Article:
MORLEY: Oh I think there is a case
for the connection charge and we're looking at the response to our consultation
at the present time. If developers are building on flood plain areas, then
of course it's not unreasonable that they should pay towards either new
defences or indeed enhancing the defences that may be affected by that
development. There is already provision for that within the planning guidance,
PPG25, which restricts developments on flood plains so I think there is
certainly a case to consider there.
HUMPHRYS: We can't just stop them
building on these flood plains can we?
MORLEY: In some circumstances,
yes you can. And in some circumstances, the recommendation will be that
there should not be development in certain flood plain areas. But you,
you don't have to say that there should never be any kind of development
on flood plains, indeed you take a city like Hull for example, the whole
of Hull is on a flood plain, but it's very well defended, and indeed its
defences have recently been enhanced.
HUMPHRYS: But just to go back to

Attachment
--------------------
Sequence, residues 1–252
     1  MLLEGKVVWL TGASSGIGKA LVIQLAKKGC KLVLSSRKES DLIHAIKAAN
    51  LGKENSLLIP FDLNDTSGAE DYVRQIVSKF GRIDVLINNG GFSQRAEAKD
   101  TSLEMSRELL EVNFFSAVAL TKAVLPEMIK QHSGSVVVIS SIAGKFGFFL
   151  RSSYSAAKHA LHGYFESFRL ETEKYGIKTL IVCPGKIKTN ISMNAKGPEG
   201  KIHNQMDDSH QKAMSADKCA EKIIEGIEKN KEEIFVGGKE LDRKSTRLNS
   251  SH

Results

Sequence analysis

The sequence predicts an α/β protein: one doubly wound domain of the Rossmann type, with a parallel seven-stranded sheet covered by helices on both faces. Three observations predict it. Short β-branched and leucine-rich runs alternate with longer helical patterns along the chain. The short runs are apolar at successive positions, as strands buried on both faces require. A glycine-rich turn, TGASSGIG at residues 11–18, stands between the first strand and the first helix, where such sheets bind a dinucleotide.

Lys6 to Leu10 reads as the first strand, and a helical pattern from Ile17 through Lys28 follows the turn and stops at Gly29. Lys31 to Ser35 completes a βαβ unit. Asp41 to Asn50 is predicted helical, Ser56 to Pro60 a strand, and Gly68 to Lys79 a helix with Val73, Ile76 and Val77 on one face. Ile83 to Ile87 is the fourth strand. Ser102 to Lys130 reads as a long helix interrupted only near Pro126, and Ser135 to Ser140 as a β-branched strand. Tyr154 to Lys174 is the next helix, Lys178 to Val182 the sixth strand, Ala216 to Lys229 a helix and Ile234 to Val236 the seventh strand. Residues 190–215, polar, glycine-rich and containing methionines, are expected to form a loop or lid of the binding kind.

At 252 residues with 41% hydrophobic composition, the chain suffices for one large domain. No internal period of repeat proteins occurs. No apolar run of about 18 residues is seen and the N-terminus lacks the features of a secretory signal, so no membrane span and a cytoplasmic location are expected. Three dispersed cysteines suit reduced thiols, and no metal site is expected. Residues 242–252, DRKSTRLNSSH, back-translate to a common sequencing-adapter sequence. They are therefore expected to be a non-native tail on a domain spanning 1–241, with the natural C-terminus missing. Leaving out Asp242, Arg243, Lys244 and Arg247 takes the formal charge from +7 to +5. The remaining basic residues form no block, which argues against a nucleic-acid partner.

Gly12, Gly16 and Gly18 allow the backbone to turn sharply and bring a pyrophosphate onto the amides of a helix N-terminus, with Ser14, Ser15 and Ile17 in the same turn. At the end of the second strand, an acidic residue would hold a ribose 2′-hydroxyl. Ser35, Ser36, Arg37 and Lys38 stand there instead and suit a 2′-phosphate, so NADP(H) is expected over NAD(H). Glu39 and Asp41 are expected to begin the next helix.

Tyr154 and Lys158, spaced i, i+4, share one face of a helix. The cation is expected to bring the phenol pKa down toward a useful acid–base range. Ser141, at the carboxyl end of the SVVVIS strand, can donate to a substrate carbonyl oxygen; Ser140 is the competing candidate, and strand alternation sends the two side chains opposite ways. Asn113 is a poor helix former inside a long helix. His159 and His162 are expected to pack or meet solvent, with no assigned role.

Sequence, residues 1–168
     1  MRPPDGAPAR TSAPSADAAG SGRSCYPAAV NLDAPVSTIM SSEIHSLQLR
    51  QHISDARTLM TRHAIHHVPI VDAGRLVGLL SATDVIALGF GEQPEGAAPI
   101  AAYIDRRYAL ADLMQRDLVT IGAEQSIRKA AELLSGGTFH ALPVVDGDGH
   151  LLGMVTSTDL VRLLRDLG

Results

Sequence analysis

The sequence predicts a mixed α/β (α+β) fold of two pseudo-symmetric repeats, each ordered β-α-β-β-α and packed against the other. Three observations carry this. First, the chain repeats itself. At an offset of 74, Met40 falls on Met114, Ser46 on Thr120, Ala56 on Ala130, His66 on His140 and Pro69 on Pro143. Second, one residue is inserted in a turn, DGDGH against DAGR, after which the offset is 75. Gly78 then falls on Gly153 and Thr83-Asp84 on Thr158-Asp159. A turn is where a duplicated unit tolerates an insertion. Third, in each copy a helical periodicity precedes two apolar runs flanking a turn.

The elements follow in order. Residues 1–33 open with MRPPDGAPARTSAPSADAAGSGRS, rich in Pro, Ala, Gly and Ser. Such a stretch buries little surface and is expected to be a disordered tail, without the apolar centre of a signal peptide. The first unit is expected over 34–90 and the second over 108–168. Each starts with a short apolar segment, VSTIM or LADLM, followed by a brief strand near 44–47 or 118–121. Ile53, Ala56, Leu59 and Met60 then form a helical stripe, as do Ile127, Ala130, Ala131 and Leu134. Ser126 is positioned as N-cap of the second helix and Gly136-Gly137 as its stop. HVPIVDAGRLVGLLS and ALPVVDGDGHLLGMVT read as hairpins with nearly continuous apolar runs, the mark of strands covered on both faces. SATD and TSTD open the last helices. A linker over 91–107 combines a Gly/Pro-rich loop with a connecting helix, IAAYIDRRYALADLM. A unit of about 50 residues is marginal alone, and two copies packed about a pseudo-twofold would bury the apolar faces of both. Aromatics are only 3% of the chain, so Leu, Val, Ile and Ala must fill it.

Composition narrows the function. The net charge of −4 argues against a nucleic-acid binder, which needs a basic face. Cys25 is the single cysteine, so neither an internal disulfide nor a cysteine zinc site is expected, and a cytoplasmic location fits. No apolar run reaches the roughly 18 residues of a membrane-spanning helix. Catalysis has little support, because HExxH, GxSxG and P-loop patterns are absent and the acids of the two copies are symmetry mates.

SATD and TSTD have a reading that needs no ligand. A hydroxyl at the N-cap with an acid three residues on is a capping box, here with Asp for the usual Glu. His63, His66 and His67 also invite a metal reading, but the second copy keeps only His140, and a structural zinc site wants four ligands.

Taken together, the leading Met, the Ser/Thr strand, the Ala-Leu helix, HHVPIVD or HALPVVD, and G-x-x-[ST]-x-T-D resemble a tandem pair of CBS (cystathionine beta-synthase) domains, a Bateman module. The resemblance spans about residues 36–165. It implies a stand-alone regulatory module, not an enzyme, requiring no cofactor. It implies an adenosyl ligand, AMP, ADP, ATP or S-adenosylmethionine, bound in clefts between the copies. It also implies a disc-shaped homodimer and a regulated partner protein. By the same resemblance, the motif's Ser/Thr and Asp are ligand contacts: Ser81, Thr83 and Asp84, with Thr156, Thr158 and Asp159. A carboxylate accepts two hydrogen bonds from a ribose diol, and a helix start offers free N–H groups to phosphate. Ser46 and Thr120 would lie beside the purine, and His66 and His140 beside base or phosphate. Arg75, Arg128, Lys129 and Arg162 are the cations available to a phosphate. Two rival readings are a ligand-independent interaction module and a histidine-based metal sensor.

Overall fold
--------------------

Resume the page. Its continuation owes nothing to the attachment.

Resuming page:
the question of the individual whose home is more at risk, should people
who are at greater risk pay more than those people who aren't because many
people would say, sure, if you bought a house knowing that you're on a
flood plain and you are well aware that you are going to be flooded every
year or every two years or something, then on your head be it. On the other
hand, you may not have known when you bought the house?
MORLEY: Well I think if you take
an extreme of someone buying a house right next to a river, then of course
they know very well that they are taking a risk when they buy that house.
But I do accept the point that you make about people may be living in a
flood risk area and not know that, that's why one of the targets which
I set for the Buy Report of nineteen-ninety-eight, was that the agency
should produce flood risk maps. Now they've done that, they are available